In overall operation by keeping an executable command queue in the fast and directly addressable SRAM, disk drive 10 may still apply proven performance enhancing features such as background command preprocessing, rotational latency reordering, command dependency analysis and data streaming. All these features require that substantial additional information be maintained on a per command record basis. Because command queue reordering can be efficiently done in a double linked list structure, requiring that new commands be immediately placed in a command queue following reception places hardship on the disk drive 10, and may monopolize the bus 14 whenever the microprocessor 24 cannot immediately process an incoming command 16. By consistently moving commands from the FIFO data structure of segment 22a to the executable command queue, disk drive 10 may apply such performance enhancing features to a subset of commands queued within the drive. The size of the subset is adjustable to within reasonable limits as imposed by the size of SRAM memory space and available microprocessor 24 processing time.
Thus, the queue background process of FIG. 4 keeps the queue 28 as full as possible so that performance enhancing features may be applied to as large a subset of queued commands as possible to maximize performance, while still allowing head-of-queue commands to be placed immediately into a next executed position.
Separate LIFO and FIFO data structures within DRAM memory 28 support simple command reception i.e., simply incrementing pointer registers within the interface ASIC 20. This leaves the more complex task of command queue insertion to the more capable microprocessor 24, but at the convenience of microprocessor 24 and without interfering with SCSI bus 14 activity. Thus, the dual command buffers, i.e., use of the LIFO and FIFO data structures, in conjunction with the LIFO-- IN and FIFO-- IN data pointers of interface ASIC 20 allows interface ASIC 20, together with the command processor firmware, to get head-of-queue commands immediately handled semantically correctly according to SCSI specifications without excessive firmware overhead.
Employing a single command buffer within DRAM memory 22 would require further complexity in the process of command reception. More particularly, the simplified process of merely incrementing the FIFO-- IN register 34 and LIFO-- IN register 36 may be insufficient when using a single command buffer. With head-of-queue commands interspersed with non-head-of-queue commands in the DRAM memory 22, priority removal of head-of-queue commands, e.g., by microprocessor 24, would leave "holes" in a single command buffer and cause fragmentation therein. Because the interface ASIC 20 preferably should not deal with such complex data structure manipulation, i.e., deal with "holes" and fragmentation in the command buffer, the dual segment approach as illustrated herein provides separate storage of the head-of-queue commands and requires only simple pointer increment functions by interface ASIC 20 to place new commands 16 within DRAM memory 22.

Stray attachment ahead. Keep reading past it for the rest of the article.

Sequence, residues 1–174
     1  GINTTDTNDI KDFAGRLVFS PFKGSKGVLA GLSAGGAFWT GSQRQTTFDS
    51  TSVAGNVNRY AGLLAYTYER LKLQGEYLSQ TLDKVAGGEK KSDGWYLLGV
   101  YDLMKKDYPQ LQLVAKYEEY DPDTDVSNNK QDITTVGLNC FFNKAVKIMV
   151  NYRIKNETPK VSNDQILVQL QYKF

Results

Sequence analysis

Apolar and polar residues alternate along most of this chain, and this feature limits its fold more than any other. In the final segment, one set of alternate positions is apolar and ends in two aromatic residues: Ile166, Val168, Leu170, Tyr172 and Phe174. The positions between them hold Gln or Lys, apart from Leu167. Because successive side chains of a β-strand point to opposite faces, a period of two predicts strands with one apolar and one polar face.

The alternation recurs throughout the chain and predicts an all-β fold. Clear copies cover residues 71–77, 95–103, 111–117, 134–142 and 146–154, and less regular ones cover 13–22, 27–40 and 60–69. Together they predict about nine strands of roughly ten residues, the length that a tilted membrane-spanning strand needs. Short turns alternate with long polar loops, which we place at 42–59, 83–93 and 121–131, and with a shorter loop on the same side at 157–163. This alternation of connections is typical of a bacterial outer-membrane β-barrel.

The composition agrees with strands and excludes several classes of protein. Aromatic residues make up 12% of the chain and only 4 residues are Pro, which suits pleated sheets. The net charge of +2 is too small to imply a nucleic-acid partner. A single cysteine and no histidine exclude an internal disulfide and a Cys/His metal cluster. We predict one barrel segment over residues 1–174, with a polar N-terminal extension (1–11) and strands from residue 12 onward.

Thus, an improved method and apparatus for disk drive operation has been shown and described. The primary objective in such method and apparatus is to maintain the advantages of performance enhancing features while not limiting command queue depth. The command queuing system of the present invention makes separate the process of command reception and the process of command insertion into a command queue subject to performance enhancing features. The process of command reception is executed by hardware devices, e.g., interface ASIC 20, with direct access to the abundant DRAM memory 22 whereby commands when received may be immediately placed in an intermediate holding area. Important to note, the intermediate holding area allows distinction between the high priority head-of-queue commands and other commands. Furthermore, the management of data structures in DRAM memory 22 is a simplified process, i.e., mere linear increment and wrap-around functions applied to pointers for records within the FIFO and LIFO data structures. Accordingly, interface ASIC 20 need not be a complex device i.e., need not be capable of managing a double link list subject to reordering.
Furthermore, the process of command reception need not include firmware intervention, i.e., does not require microprocessor 24 involvement. Accordingly, commands 16 are immediately accepted from SCSI bus 14 regardless of current activity by microprocessor 24, i.e., regardless of whether microprocessor 24 is available or not available due to higher priority tasks under execution. The task of command insertion into the queue 28 necessarily requires firmware intervention. The relatively more complex double link list data structure of queue 28 requires more complex manipulation, but is easily implemented in the firmware programming of microprocessor 24 and directly addressable SRAM memory 26.
Finally, the process of enhanced command execution requires calculation of various data including physical address data and, more importantly, a collection of data necessary for completing the queue records 30 in implementation of various performance enhancing features. This information is kept in the fast and directly addressable SRAM queue. Thus, performance enhancing features remain available for manipulating execution order of a substantial number of commands pending within disk drive 10.
Having thus described an embodiment of the invention, it will now be appreciated that the objects of the invention have been fully achieved, and it will be understood by those skilled in the art that many changes in construction and widely differing embodiments and applications of the invention will suggest themselves without departing from the spirit and scope of the invention. The disclosure and the description herein are purely illustrative and are not intended to be in any sense limiting.